Advantages and disadvantages of the prior art are as follows. In the Judkins method, performed only by puncture of a paracentetic tube into a blood vessel, compared to the Sones method performed by incision of the vessel, damage to skin and vessels is minimized. Also, insertion of a catheter from the paracentetic tube into the blood vessel minimizes damage to the blood vessel caused by entrance and exit of the catheter.

Since the process is perfomed without incision of cortex and blood vessel, no wound or adhesion of wound region remains. Therefore, even in angiography which requires frequent repetition of angiographic processes, it is advantageous to repeat such processes from the same region.

In the Judkins method, the catheter used is preformed to easily enter the coronary artery, and may be operated by a beginner with only relatively short-term training.

On the other hand, one disadvantage of the Judkins method is that the patient would feel ashamed because the catheter is inserted from the femoral region.

Since the paracentetic tube is punctured, its removal often causes bleeding, necessitating a long recovery period.

For angiography of the left and right coronary arteries and venous bypass, separate catheters are employed, respectively. Necessary replacement of the catheters is time consuming and increases the costs associated with performing angiography. Moreover, the Judkins method cannot be employed for cases of arterial obliteration, such as stenosis in the gastroepiploic artery or femoral artery.

Concerned with cost saving, most western countries are hesitant to perform the Judkins method even though there are increasing cases for performing coronary artery angiography in outpatient sites or mobile angiography in automobiles.

In the Sones method, the brachial region is incised to expose the artery, and a catheter is inserted in the opening. By using a brachium, the patient does not feel ashamed.

After an angiograph is performed, the opening is seamed. Since the incised region is in the brachium, recovery time required after angiography is reduced to one hour or less. Moveover, only one catheter is used for forming angiograph of both the right coronary artery and the venous bypass.

A disadvantage of the Sones method is that the patient necessarily must undergo surgery and suffers from the burden and the time necessary for the operation. Also, the incised cortex causes the vessel to be exposed leaving a wound and adhesion. As a result, the incision cannot be done at the same region, and repeated angiographic operations must be done in shifted positions, thereby the region to be incised is limited in repeated cases. In addition, the techniques of cutaneous incision or insertion of the catheter into the coronary artery or bypass are so difficult that they require a one to two year period of time to acquire the technique. Cost concerns in most western countries also cause performing the Sones method to be prohibitively expensive although there are increased cases for performing coronary artery angiography in outpatient sites.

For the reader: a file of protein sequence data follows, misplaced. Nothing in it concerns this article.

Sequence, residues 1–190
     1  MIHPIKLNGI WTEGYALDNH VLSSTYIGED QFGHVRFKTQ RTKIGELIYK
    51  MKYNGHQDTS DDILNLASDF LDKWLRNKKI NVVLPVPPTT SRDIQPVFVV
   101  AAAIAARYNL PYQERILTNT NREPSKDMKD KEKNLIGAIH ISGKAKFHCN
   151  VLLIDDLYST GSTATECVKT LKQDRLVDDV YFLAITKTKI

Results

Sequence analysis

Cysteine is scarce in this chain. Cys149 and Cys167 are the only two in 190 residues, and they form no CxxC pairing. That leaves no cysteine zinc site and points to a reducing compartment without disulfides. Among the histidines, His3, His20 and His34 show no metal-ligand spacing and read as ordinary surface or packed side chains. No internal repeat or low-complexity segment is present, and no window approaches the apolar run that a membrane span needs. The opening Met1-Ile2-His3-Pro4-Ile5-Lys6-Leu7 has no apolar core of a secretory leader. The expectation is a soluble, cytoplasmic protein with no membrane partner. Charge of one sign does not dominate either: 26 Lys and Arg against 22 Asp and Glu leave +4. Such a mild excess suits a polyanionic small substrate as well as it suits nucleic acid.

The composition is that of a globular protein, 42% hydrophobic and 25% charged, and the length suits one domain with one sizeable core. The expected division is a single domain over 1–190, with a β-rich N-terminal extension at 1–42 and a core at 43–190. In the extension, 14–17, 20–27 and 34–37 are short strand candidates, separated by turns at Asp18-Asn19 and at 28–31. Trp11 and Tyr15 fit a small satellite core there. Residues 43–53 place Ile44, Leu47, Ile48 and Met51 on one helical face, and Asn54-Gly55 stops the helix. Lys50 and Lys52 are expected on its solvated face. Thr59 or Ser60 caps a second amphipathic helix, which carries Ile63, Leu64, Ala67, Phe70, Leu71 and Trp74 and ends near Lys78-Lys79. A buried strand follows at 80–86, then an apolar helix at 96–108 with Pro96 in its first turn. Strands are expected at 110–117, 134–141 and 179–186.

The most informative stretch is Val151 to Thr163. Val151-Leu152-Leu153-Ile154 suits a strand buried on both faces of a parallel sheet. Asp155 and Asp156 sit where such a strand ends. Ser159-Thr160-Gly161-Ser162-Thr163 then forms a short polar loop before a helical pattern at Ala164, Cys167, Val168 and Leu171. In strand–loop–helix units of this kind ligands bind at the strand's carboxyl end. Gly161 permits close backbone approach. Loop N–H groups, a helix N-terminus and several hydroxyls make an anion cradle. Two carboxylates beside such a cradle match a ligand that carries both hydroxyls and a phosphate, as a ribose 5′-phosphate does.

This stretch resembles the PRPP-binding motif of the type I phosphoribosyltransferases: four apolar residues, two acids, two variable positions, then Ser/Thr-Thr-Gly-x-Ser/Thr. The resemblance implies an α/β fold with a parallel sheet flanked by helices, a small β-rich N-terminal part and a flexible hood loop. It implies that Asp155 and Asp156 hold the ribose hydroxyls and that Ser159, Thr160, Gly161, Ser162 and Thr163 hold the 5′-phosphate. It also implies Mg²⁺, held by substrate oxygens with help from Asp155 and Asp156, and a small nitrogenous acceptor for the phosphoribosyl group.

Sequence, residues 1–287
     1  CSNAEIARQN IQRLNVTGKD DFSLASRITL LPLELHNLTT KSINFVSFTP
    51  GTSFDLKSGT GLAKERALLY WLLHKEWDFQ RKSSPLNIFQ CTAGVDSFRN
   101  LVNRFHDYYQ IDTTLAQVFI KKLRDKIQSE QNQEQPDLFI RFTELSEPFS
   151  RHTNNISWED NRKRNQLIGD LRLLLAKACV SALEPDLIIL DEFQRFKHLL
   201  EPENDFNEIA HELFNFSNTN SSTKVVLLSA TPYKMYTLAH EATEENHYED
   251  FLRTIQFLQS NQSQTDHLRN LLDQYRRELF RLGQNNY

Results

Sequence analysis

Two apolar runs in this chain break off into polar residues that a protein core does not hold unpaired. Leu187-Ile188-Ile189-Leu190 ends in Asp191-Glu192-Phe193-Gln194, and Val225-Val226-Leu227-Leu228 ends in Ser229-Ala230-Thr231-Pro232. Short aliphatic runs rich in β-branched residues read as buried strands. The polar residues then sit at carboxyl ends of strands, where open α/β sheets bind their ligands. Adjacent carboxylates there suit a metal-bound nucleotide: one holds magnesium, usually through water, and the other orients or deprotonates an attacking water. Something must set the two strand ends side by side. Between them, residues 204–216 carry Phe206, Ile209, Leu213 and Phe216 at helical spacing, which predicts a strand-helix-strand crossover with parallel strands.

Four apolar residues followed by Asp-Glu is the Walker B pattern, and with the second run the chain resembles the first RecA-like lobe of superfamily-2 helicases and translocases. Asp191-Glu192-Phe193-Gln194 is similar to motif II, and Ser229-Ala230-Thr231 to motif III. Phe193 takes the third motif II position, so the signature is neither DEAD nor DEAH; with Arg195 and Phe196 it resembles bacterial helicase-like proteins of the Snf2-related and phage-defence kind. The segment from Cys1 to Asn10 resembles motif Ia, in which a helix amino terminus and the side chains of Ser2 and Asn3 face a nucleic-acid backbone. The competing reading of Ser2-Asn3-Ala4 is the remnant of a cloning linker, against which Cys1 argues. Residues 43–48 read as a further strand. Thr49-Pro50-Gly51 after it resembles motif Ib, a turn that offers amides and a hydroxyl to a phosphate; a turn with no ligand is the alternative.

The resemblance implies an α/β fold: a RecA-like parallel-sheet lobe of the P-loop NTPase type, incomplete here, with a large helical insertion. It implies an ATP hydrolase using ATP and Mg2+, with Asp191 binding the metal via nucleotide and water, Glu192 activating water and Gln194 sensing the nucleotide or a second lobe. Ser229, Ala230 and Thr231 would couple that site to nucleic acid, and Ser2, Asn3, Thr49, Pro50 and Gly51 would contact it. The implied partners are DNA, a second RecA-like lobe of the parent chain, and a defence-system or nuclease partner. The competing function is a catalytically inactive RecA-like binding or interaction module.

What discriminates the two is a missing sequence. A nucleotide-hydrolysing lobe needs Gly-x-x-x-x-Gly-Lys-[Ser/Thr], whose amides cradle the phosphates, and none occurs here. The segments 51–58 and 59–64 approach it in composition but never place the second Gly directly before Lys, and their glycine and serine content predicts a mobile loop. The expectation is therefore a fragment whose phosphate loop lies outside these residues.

SUMMARY OF THE INVENTION

The present invention is to provide a method of angiography of a coronary artery, a venous bypass, a gastroepiploic artery, or an internal thoracic artery by means of brachial paracentesis comprising the steps of puncture from the paracentetic tube by an improved thin catheter as follows:

(a) a catheter of the type "a" in use for the left and right coronary artery and the venous bypass;

(b) a catheter of the type "b" in use for the internal thoracic artery; and

(c) a catheter of the type "c" in use for the gastroepiploic artery.

The catheters above are, as shown in FIG. 1, those manufactured, for example, by the Applicants, as Interbeck type heart-use catheters.

BRIEF DESCRIPTION OF THE DRAWINGS

FIG. 1 is a front view of a catheter of type "a";

FIG. 2 is a front view of a catheter of type "b"; and